Figure 1 represents the measured normalized changes in transmittance (circles) for PbF2 (a) and SiO2 (b) as functions of the time-delay τ. The solid lines are fits using Eq. 4, which give a Raman gain, g(τ) that is linearly dependent on τ. We obtain g(τ) = 5.5∙10-14 τ for PbF2 and g(τ) = 4.8∙10-15 τ for SiO2, where g is in cm/W and τ is in fs.

For linear chirp we can use Eq. 2 to express the time-delay dependence in terms of frequency ν=Ω/2π. In this case we can directly extract the linear frequency dependence of the gain from Eq. 4 by removing the time-correlation term, exp{-1/2(τ/τp)2}, from the data shown in Fig. 1. By fitting the so-transformed data shown in Fig. 2 for PbF2 (squares) and SiO2 (circles) we obtain g(ν).

The lines fitting the data in Fig. 2 give the following frequency dependence for the Raman gain:

g(ν)PbF2=(9.6±1.9)1013ν
(5.a)
g(ν)SiO2=(8.4±1.7)1014ν,
(5.b)

where g is in cm/W and ν in THz.

Equation 5.b is in good agreement with the previously reported measured Raman gain spectra of silica glass in fibers,[5

5 . D. J. Dougherty , F. X. Kartner , H. A. Haus , and E. P. Ippen , “ Measurement of the Raman gain spectrum of optical fibers ,” Opt. Lett. 20 , 31 ( 1995 ). [CrossRef] [PubMed]

,7

7 . J. P. Gordon , “ Theory of the soliton self-frequency shift ,” Opt. Lett. 11 , 662 ( 1986 ). [CrossRef] [PubMed]

] if we account for the fact that our measurements are performed with 100 fs pulses, within the 400 fs turn-on of the vibrational Raman effect.[8

8 . R. H. Stolen , J. P. Gordon , W. J. Tomlinson , and H. A. Haus , “ Raman response function of silica-core fibers ,” J. Opt. Soc. Am. B , 6 , 1159 ( 1989 ). [CrossRef]

] However, those methods are limited to glass since long fibers are required to achieve detectable stimulated Raman gain. Using our method, any sample can be used as long as the laser frequency is chosen to lie in a region of very low nonlinear absorption.

Fig. 2 Low frequency Raman spectra for PbF2 (squares) and SiO2 (circles) obtained using the chirped-two-beam coupling method, along with linear fits.

So far, the chirped pulse two-beam coupling technique has been used to measure the effects of molecular rotation (stimulated Rayleigh-wing scattering),[6

6 . A. Dogariu , T. Xia , D. J. Hagan , A. A. Said , E. W. Van Stryland , and N. Bloembergen , “ Purely refractive transient energy transfer by stimulated Rayleigh-wing scattering ,” J. Opt. Soc. Am. B , 14 , 796 ( 1997 ). [CrossRef]

] and of nuclear vibration (stimulated Raman scattering). However, this method may also be sensitive to the electronic motion responsible for bound-electronic nonlinear refractive index, n2. Typically this response time is predicted to be ~1 fs or less. A simple calculation assuming 0.1 ~ 1 fs Debye relaxation times for the bound electrons reveals that signals similar in magnitude to the Raman signals should be measurable. The challenge that remains here is to find combinations of materials and detunings for which the nuclear signals would not dominate the electronic signals.

Acknowledgements

We would like to thank Eric Van Stryland, Hermann A. Haus and Boris Ya. Zel'dovich for very useful discussions.

References and Links

1 .

N. Bloembergen , “ The stimulated Raman effect ,” Am. J. Phys. 35 , 989 ( 1967 ). [CrossRef]

2 .

W. Kaiser and M. Maier , “ Stimulated Rayleigh, Brillouin and Raman spectroscopy ,” in Laser Handbook , Vol. 2 edited by F. T. Arecchi and E. O. Schulz-DuBois , North-Holland , p. 1077 , 1972 .

3 .

M. J. Weber , Handbook of Laser Science and Technology , Vol. 3 , Optical Materials: Part 1, CRC Press Inc. , p. 287 – 292 ( 1986 ).

4 .

F. M. Mitschke and L. F. Mollenauer , “ Discovery of the soliton self-frequency shift ,” Opt. Lett. 11 , 659 ( 1986 ) [CrossRef] [PubMed]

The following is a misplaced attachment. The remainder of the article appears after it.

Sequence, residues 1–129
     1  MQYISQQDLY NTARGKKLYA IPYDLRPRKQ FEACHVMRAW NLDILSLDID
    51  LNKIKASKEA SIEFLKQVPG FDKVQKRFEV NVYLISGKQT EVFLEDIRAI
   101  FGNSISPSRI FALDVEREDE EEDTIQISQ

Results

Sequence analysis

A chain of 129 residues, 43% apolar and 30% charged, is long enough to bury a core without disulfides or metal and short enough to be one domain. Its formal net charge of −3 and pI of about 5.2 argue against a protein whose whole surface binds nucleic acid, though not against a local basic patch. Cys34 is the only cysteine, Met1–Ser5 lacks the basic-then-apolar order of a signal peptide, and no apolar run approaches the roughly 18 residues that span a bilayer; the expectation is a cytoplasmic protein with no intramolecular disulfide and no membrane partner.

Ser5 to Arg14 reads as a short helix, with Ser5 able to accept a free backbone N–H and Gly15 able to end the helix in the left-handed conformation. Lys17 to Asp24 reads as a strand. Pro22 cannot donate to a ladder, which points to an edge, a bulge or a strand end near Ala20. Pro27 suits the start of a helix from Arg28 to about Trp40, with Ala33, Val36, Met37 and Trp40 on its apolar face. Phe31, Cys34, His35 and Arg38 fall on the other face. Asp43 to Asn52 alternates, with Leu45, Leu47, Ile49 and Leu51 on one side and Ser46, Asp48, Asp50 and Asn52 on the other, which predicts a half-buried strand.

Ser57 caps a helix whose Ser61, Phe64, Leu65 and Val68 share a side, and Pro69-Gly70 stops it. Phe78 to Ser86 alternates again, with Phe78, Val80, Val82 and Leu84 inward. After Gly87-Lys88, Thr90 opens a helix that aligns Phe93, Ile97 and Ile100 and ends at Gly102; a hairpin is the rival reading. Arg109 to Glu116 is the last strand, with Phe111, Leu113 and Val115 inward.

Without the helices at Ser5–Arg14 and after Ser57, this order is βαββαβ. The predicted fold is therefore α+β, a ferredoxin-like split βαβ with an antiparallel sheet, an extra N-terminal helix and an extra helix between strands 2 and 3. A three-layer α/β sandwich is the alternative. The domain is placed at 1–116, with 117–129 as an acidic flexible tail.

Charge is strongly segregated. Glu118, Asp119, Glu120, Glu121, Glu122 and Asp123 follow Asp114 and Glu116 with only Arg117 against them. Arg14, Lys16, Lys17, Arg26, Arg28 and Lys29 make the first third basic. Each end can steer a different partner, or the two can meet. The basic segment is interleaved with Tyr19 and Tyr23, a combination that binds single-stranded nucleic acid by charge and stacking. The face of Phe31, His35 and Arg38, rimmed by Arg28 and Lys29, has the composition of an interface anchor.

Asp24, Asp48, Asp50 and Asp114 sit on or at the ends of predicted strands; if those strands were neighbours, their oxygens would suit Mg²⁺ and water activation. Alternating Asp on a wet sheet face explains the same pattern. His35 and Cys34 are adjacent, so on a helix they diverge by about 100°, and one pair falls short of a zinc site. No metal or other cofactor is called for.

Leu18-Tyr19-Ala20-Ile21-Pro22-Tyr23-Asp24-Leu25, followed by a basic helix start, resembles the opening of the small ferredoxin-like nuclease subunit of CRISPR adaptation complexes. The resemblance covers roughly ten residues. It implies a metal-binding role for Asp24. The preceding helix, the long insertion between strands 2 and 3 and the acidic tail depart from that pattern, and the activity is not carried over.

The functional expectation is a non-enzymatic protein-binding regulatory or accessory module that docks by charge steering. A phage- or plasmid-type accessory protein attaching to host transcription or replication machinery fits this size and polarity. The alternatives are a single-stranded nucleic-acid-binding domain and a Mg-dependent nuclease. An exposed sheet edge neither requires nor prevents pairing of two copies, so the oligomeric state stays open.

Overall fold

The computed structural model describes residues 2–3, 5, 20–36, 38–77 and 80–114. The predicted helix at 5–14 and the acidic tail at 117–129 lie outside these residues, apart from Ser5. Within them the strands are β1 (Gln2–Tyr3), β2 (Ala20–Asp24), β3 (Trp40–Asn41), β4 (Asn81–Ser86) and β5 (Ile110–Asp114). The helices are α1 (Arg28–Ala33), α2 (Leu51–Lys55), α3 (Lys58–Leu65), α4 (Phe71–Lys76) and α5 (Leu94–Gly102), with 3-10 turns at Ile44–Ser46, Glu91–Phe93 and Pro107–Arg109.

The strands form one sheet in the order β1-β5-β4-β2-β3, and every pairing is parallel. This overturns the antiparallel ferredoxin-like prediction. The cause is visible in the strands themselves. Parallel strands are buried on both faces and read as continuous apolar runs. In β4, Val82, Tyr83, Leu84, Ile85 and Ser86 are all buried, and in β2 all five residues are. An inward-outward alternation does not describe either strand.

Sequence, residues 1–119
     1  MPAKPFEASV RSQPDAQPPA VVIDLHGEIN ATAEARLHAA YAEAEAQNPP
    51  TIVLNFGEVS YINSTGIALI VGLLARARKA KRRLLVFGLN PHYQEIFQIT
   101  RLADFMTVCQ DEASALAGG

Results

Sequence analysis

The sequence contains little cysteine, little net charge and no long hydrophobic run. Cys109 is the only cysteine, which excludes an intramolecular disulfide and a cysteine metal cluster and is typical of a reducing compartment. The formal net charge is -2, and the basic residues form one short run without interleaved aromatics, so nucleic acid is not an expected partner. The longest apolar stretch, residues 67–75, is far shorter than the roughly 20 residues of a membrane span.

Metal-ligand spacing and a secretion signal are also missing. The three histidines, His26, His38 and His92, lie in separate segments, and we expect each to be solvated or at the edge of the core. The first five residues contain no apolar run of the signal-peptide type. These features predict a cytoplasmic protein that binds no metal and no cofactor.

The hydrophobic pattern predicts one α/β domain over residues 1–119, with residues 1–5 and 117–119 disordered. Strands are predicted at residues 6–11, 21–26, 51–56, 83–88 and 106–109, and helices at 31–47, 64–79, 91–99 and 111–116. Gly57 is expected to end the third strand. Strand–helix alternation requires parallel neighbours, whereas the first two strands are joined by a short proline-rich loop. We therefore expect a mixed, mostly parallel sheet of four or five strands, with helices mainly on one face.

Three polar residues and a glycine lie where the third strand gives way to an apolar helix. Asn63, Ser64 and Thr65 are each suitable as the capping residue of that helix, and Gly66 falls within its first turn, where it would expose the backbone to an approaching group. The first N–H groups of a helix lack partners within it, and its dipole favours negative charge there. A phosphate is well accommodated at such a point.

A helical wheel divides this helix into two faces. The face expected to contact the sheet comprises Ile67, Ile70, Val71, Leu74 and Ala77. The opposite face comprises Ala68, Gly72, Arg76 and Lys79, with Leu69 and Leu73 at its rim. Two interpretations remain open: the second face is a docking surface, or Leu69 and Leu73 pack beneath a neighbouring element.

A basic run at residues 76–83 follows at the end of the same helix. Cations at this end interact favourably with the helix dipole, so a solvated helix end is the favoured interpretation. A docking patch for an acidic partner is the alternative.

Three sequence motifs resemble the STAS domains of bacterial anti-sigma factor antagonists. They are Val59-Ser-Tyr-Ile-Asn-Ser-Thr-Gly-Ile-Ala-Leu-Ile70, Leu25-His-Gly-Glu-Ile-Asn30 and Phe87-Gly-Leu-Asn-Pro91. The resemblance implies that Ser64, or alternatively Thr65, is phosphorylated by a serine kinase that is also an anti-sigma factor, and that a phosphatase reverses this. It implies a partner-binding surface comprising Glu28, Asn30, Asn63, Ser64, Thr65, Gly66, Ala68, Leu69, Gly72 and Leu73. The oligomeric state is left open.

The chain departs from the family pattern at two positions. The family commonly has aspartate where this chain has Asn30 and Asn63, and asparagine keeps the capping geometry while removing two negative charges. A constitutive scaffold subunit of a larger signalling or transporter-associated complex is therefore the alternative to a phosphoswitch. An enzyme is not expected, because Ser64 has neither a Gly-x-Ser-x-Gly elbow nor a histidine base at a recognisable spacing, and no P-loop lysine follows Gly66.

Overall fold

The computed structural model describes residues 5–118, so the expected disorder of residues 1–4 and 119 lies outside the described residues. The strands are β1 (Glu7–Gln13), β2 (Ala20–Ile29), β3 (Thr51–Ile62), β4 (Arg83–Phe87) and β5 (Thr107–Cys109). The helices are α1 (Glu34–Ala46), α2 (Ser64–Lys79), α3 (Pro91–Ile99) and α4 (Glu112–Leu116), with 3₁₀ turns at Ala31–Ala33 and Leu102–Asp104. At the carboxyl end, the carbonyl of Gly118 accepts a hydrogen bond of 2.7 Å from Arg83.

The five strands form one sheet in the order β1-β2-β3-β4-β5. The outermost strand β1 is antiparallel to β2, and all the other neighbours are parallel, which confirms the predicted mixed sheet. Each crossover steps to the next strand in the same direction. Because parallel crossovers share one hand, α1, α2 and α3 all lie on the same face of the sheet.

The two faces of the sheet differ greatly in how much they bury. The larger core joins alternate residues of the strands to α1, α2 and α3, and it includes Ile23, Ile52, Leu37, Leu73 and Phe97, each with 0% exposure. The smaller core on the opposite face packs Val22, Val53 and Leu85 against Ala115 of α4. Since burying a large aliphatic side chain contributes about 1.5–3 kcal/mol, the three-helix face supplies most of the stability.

5 .

D. J. Dougherty , F. X. Kartner , H. A. Haus , and E. P. Ippen , “ Measurement of the Raman gain spectrum of optical fibers ,” Opt. Lett. 20 , 31 ( 1995 ). [CrossRef] [PubMed]

6 .

A. Dogariu , T. Xia , D. J. Hagan , A. A. Said , E. W. Van Stryland , and N. Bloembergen , “ Purely refractive transient energy transfer by stimulated Rayleigh-wing scattering ,” J. Opt. Soc. Am. B , 14 , 796 ( 1997 ). [CrossRef]

7 .

J. P. Gordon , “ Theory of the soliton self-frequency shift ,” Opt. Lett. 11 , 662 ( 1986 ). [CrossRef] [PubMed]

8 .

R. H. Stolen , J. P. Gordon , W. J. Tomlinson , and H. A. Haus , “ Raman response function of silica-core fibers ,” J. Opt. Soc. Am. B , 6 , 1159 ( 1989 ). [CrossRef]

OCIS Codes
(060.7140) Fiber optics and optical communications : Ultrafast processes in fibers
(190.5650) Nonlinear optics : Raman effect
(190.5890) Nonlinear optics : Scattering, stimulated
(190.7070) Nonlinear optics : Two-wave mixing
(320.7110) Ultrafast optics : Ultrafast nonlinear optics

ToC Category:
Research Papers

History
Original Manuscript: July 7, 1997
Revised Manuscript: July 3, 1997
Published: August 4, 1997

Citation
Arthur Dogariu and David Hagan, "Low frequency Raman gain measurements using chirped pulses," Opt. Express 1, 73-76 (1997)
http://www.opticsinfobase.org/oe/abstract.cfm?URI=oe-1-3-73


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References

  1. N. Bloembergen, The stimulated Raman effect, Am. J. Phys. 35, 989 (1967). [CrossRef]
  2. W. Kaiser and M. Maier, Stimulated Rayleigh, Brillouin and Raman spectroscopy, in Laser Handbook, Vol. 2 edited by F. T. Arecchi and E. O. Schulz-DuBois, North-Holland, p. 1077, 1972.
  3. M. J. Weber, Handbook of Laser Science and Technology, Vol. 3, Optical Materials: Part 1, CRC Press Inc., p. 287-292(1986).
  4. F. M. Mitschke and L. F. Mollenauer, Discovery of the soliton self-frequency shift, Opt. Lett. 11, 659 (1986) [CrossRef] [PubMed]
  5. D. J. Dougherty, F. X. Kartner, H. A. Haus, and E. P. Ippen, Measurement of the Raman gain spectrum of optical fibers, Opt. Lett. 20, 31 (1995). [CrossRef] [PubMed]
  6. A. Dogariu, T. Xia, D. J. Hagan, A. A. Said, E. W. Van Stryland and N. Bloembergen, Purely refractive transient energy transfer by stimulated Rayleigh-wing scattering, J. Opt. Soc. Am. B, 14, 796 (1997). [CrossRef]
  7. J. P. Gordon, Theory of the soliton self-frequency shift, Opt. Lett. 11, 662 (1986). [CrossRef] [PubMed]
  8. R. H. Stolen, J. P. Gordon, W. J. Tomlinson, and H. A. Haus, Raman response function of silica-core fibers, J. Opt. Soc. Am. B, 6, 1159 (1989). [CrossRef]